You’re writing for the ear, so test your ideas by ear.
You can live in your head, and keep your ideas and solutions prisoner, or you can test them by freeing them in group or one on one conversation. Talking out your ideas is the equivalent of an elevator pitch. When you hear your stuff out loud you can tell how ridiculous it is, or isn’t.
One way is to read your script out loud to a compadre. This forces both of you to confront the sound of what you’ve written. After all, the narration will be… narrated, right?
Use Your Mouth to Actually Write the Script!
We used to use dictation a lot at the old Sorgel-Lee-Riordan multimedia company. We talked into tape recorders to write our scripts, and handed over the tapes to a transcriptionist who typed out the script for our review.
In forty years of writing, I know my best scripts were dictated. Why?
- My scripts were written for the ear. Simply by having to think before I talked, and then hear what I was saying, I was reviewing how an audience would hear what I was “writing”.
- And by hearing my words out loud as I said them, by emitting them into the ether, I could tell if they would live or die.
- No brain clutter. No typing. No overblown phrasing or excessive verbs or flowery descriptions.
More than for the eye, media is meant for the ear. That’s where the content, pacing and emotion lives. Music, compelling phrases, live sounds, human voices… it all lives in the soundtrack.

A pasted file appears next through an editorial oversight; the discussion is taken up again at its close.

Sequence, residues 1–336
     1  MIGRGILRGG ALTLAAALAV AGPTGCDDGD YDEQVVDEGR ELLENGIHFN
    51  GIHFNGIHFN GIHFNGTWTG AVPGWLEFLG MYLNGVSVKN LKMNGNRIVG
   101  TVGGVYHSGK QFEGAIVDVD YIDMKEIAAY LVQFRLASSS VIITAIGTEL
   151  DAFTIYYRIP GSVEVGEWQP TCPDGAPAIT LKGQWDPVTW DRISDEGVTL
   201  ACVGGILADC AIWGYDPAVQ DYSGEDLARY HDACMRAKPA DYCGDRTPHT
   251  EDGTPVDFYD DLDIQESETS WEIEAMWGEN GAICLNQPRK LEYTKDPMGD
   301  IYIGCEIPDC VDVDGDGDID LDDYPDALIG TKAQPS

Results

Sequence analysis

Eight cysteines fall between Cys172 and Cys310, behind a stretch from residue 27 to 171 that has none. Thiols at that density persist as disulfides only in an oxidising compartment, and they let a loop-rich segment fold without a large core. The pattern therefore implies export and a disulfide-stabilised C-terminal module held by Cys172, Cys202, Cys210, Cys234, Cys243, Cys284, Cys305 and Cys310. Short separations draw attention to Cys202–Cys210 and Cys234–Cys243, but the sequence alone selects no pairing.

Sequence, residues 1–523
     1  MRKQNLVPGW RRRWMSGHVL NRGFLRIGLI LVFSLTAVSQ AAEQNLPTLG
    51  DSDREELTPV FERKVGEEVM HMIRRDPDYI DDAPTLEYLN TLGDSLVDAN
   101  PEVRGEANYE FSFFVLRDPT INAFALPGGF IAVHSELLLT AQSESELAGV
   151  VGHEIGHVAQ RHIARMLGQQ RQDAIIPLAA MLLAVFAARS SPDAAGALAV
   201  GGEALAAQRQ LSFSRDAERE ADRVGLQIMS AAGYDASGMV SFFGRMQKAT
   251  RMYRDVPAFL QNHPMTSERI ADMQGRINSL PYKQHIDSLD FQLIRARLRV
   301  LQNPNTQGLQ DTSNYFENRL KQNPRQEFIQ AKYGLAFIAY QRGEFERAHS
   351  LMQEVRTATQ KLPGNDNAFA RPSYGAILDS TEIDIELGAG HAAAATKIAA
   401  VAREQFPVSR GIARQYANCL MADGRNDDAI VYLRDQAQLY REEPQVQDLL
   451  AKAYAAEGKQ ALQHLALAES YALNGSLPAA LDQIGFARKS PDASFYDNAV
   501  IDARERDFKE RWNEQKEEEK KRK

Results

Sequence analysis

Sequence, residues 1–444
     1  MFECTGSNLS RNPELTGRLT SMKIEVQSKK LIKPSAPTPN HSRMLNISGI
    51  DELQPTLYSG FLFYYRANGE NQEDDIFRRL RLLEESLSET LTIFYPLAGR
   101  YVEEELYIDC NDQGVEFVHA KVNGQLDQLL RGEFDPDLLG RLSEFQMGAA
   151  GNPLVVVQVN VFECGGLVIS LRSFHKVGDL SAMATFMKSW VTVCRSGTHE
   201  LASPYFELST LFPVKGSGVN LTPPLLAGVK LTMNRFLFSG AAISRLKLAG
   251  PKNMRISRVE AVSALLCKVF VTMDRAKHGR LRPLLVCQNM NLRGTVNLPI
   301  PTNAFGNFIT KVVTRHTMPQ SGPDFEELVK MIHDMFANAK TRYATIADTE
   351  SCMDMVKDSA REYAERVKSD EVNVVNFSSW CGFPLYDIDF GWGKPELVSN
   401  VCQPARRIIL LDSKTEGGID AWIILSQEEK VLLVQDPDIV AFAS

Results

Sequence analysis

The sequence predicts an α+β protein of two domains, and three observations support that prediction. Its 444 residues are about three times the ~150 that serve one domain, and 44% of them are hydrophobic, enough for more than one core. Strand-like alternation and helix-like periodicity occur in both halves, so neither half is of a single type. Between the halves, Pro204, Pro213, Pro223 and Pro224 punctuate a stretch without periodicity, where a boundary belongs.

We’re back to typing now, for the most part.
But when I talk out a script or approach with someone, it is testing the premise, airing the concept, and finding out whether an idea can live in the open air. In short, hearing it out loud allows me to ascertain whether I can live with an approach or idea, or whether, well, whether it embarrasses me.
Better to find out now BEFORE I hand the client the script. And speaking of that….
Read the Script Out Loud When You Present it to the Client!
Some clients have an inability to translate what they read on a script page into a reasonable facsimile of what they will see on screen. That’s why I read the script out loud to the client when I present it. This offers me an opportunity to read the script so it makes “ear sense”. After all, good scripts are often written with incomplete sentences, sentence fragments, and may be lacking verbs or adjectives. I can also interject how the images and words and music will interplay, something that may not jump off the page when a client sees a two-column corporate script.
As an aside, I should also mention that I favor one-on-one reviews with the one client person, and not group reviews or committee meetings. Those usually have an underlying agenda, which has to do with a fight for room dominance, approval from the boss, scoring points and exhibiting one’s worst behavior.
I’ll get around to writing about that at some point, but right now I’m trying to remain constructive.